But even then, there was a lot more we wanted to explore in Tassing, and so even as you have different mysteries going on, everybody else in Tassing is also living their own independent and rich lives. So even while you, as Andreas Maler are focused on solving this murder mystery, you also interact with people who are just trying to live their day-to-day lives and get through this weird space in time.
But, to come back to the question, the mystery was always a core tenet of what Pentiment was going to be, and then we expanded it as we developed it and got into “What would this look like, if we played into that character’s perspective?” or “What about the greater implications of having printers versus illuminators at the monastery?”, and other facets of the time like that.
"We wanted to lean into the unclear morality."
SUPERJUMP: Would you say that each suspect represents an aspect of the ongoing tensions in the setting?
Zoe Franznick: It wasn’t a deliberate choice. We didn’t create the different suspects as paragons of a class or gender or anything like that. It was never deliberate because people of that day and age were very multifaceted, just like we are today. We wanted to reflect that, so they’re not archetypes that you can point at and say “Ah yes, this character represents the tensions around the Reformation regarding Transubstantiation!”
Instead, each individual has their own reasons for potentially having committed this murder and it is up to you, the player, to explore that, or choose not to explore that at all, and figure out if this person could have done it , and if you want to accuse them. You don’t even have to have a good reason to accuse somebody. You could simply not like one of them, and point at them and say “Alright, you, I want you out of here!”
We wanted to lean into the unclear morality. We say “Hindsight is 20/20” but in creating Pentiment, we wanted to immerse you in the game and give you the sense of “Yeah, you don’t have hindsight”. The player may understand what happened in terms of the historical events of the time but Andreas doesn’t know any of that, and you as the player don’t understand the lives of the individuals who live in Tassing. It’s up to you explore that and to understand their reasons for making their choices, whether or not they’re connected to the murder. There are plenty of individual choices, like talking with the miller (Lenhardt) – why doesn’t he like the peasants? We wanted to explore and present all of that in a way that doesn’t present history as good or bad, or in terms of characters being archetypes.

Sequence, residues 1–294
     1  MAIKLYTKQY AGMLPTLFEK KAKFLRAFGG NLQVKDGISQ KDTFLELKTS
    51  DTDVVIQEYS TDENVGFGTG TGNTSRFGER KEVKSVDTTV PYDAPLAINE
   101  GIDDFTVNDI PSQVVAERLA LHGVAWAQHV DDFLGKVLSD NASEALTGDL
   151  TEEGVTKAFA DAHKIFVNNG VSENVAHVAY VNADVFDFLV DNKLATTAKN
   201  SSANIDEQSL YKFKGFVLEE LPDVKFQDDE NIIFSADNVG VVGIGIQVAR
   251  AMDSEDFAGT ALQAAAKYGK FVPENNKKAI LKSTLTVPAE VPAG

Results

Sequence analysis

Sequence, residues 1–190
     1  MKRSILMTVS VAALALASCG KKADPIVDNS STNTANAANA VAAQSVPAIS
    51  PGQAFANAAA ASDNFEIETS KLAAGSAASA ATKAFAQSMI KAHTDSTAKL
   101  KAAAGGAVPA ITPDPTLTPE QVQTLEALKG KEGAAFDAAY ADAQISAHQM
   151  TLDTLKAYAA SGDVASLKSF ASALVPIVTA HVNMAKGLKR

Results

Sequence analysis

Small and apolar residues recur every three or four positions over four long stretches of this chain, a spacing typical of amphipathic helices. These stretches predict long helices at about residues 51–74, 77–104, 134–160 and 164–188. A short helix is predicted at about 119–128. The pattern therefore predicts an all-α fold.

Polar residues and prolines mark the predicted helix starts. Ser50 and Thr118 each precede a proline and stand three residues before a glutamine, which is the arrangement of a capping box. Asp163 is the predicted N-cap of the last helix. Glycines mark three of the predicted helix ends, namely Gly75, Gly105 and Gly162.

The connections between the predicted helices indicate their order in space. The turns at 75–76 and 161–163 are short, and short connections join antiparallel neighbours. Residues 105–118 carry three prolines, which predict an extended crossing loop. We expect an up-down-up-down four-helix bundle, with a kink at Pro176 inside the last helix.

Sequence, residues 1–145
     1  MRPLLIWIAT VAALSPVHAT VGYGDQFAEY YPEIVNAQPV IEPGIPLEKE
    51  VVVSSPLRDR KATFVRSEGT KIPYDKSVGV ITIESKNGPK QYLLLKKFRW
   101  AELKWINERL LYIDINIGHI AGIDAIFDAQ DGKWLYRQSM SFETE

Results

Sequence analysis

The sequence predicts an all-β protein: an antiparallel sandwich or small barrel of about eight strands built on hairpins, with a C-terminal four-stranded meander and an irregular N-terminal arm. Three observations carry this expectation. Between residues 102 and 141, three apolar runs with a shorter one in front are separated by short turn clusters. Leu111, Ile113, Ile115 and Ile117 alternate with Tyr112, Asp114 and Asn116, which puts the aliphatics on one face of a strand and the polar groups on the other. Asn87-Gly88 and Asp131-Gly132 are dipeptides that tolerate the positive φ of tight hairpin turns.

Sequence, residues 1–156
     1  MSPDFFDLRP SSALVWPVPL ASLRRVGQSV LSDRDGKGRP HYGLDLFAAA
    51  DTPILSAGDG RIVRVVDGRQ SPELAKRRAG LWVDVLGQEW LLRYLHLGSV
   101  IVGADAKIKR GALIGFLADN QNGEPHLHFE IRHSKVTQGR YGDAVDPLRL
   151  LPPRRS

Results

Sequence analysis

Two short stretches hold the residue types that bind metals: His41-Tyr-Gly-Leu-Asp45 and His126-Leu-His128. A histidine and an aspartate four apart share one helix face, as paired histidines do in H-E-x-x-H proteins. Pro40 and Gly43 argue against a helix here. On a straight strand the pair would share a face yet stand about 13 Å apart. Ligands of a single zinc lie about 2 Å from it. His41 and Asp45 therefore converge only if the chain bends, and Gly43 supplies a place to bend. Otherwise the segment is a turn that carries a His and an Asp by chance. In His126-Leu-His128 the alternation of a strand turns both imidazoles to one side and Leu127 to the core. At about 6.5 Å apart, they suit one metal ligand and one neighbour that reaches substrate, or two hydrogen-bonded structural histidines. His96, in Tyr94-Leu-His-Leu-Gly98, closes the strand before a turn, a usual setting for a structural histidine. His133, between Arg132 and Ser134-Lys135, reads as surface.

SUPERJUMP: On my first playthrough, because it just always felt like there was never enough time to gather all the evidence, it really did come down to me accusing characters I liked the least. The player is supposed to feel like they never have enough time, right?
Zoe Franznick: Oh yeah, absolutely! We wanted to create that pressure. In addition to Pentiment being accessible to people who don’t typically play video games – the mini-games are straightforward and not very difficult, and there’s no combat – we still wanted to make sure there was enough tension throughout the game. One of the ways we did that was by limiting how much time you have to talk to people, to understand what’s going on. But with creating that tension, we also wanted to create rewards. We never wanted whoever you accused to be a right or wrong answer. There are no right or wrong answers. It’s a matter of you understanding these characters’ lives and coming to your own conclusions. That’s why we never state outright who the correct culprit is. It’s not fun to play a game and then have a right or wrong answer when it comes to a narrative game where choices matter.
So, while you can fail checks, the game itself cannot be won or lost. It’s more about jumping into the experience as a whole. So that time crunch was deliberate to create tension, but wasn’t something meant to punish the player.
SUPERJUMP: The third act was my favourite part of the game since that’s where you really get to see the consequences of your choices play out. The first time around, it was a big shock to see both the time jump and the new player character Magdalene as a young woman. How did this decision come about in development?
Zoe Franznick: Magdalene is a very interesting character, for a lot of reasons. She’s a young female printer living an independent life in Tassing. (European) history is white-male dominated so we wanted to create other ways to explore that time period. But also, Pentiment is about who creates art, and how we pass on knowledge from the past to the future. A big part of Andreas is that he starts off as a young man very hopeful in his art. But later, when he tries to mentor Caspar, he’s in his own head, he’s trapped, he’s depressed, and so he can’t do a good job of mentoring him.